Economically Optimal Solar Power Generation

Sana Badruddin (University of Ottawa, Canada), Cameron Ryan Robertson-Gillis (University of Ottawa, Canada), Janice Ashworth (Ottawa Renewable Energy Cooperative, Canada) and David J. Wright (University of Ottawa, Canada)
Copyright: © 2020 |Pages: 290
EISBN13: 9781799813538|DOI: 10.4018/978-1-5225-8559-6.ch010
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Abstract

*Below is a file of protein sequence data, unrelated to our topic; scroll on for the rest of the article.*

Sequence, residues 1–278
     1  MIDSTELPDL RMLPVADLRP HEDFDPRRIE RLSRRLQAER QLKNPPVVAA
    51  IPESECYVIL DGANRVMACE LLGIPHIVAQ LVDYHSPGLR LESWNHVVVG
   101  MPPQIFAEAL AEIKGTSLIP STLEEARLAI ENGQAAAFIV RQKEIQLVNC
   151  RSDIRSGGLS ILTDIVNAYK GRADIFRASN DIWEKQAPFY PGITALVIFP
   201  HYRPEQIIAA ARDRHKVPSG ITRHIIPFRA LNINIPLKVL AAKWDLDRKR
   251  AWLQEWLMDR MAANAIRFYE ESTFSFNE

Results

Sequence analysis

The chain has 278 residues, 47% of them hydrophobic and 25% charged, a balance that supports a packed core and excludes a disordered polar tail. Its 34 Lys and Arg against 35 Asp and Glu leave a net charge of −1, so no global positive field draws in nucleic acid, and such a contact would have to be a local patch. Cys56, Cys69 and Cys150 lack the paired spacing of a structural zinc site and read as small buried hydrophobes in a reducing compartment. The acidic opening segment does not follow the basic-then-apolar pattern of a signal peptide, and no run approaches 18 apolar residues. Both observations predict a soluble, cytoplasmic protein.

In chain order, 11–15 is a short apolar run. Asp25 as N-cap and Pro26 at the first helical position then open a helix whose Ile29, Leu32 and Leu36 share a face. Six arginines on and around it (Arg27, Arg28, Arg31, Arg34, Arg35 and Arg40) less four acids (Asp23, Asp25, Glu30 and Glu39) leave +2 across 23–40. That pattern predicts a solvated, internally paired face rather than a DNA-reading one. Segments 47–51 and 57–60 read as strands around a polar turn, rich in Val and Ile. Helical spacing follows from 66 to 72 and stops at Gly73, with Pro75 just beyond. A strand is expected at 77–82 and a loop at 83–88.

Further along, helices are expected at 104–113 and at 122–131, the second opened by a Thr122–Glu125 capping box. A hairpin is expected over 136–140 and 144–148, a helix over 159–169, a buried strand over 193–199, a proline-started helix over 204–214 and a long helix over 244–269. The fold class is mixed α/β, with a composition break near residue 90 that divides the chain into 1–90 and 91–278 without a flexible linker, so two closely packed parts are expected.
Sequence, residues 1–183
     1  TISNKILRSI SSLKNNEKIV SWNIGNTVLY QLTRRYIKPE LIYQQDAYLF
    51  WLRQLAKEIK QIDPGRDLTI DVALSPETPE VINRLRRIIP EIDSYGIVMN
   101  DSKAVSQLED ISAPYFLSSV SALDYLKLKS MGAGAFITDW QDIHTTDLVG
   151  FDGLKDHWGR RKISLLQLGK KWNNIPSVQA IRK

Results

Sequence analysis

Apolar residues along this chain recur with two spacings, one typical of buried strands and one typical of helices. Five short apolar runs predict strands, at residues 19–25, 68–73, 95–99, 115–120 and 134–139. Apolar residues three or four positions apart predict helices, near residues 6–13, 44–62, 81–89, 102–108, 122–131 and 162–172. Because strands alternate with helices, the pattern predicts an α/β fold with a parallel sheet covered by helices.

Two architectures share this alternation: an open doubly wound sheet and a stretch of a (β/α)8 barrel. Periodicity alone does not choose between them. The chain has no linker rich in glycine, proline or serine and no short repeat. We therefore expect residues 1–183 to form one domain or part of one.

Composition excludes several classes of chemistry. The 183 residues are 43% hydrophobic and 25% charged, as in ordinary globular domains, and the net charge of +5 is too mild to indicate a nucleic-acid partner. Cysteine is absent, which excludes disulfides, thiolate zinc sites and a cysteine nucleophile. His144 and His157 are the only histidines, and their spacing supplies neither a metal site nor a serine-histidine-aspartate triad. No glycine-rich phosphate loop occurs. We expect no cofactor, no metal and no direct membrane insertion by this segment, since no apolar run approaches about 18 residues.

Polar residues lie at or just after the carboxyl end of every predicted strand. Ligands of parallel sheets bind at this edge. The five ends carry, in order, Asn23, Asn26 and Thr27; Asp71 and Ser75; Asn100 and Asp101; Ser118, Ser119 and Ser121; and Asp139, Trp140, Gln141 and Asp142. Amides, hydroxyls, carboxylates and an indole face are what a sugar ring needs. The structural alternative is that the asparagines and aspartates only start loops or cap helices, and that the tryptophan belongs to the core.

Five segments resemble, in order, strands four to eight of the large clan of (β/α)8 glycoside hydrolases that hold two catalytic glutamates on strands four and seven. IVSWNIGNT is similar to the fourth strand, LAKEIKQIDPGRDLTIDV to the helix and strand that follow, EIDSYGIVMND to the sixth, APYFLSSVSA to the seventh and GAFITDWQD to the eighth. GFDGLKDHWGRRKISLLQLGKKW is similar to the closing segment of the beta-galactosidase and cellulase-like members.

The Ottawa Renewable Energy Cooperative is considering installing solar modules on the roofs of two buildings while they stay connected to the public electricity grid. Solar power produced over their own needs would be sent to the public electricity grid for a credit on their electricity bill. When they need more power than they are generating, these buildings would purchase electricity from the grid. In addition to paying for the electricity they purchase, they would be subject to a “demand charge” that applies each month to the hour during which their consumption is at a peak for that month. Any electricity consumed during that peak hour would be charged at a rate about 100 times the rate for other hours. The case addresses three questions: (1) Is it profitable for these organizations to install solar on their roofs? (2) Can profitability be increased by adding a battery? and (3) How sensitive is profitability to uncertainty in future electricity prices? The case shows how the answers to these questions depend on the profile of hourly electricity consumption during the day, which is very different from one building to the other.
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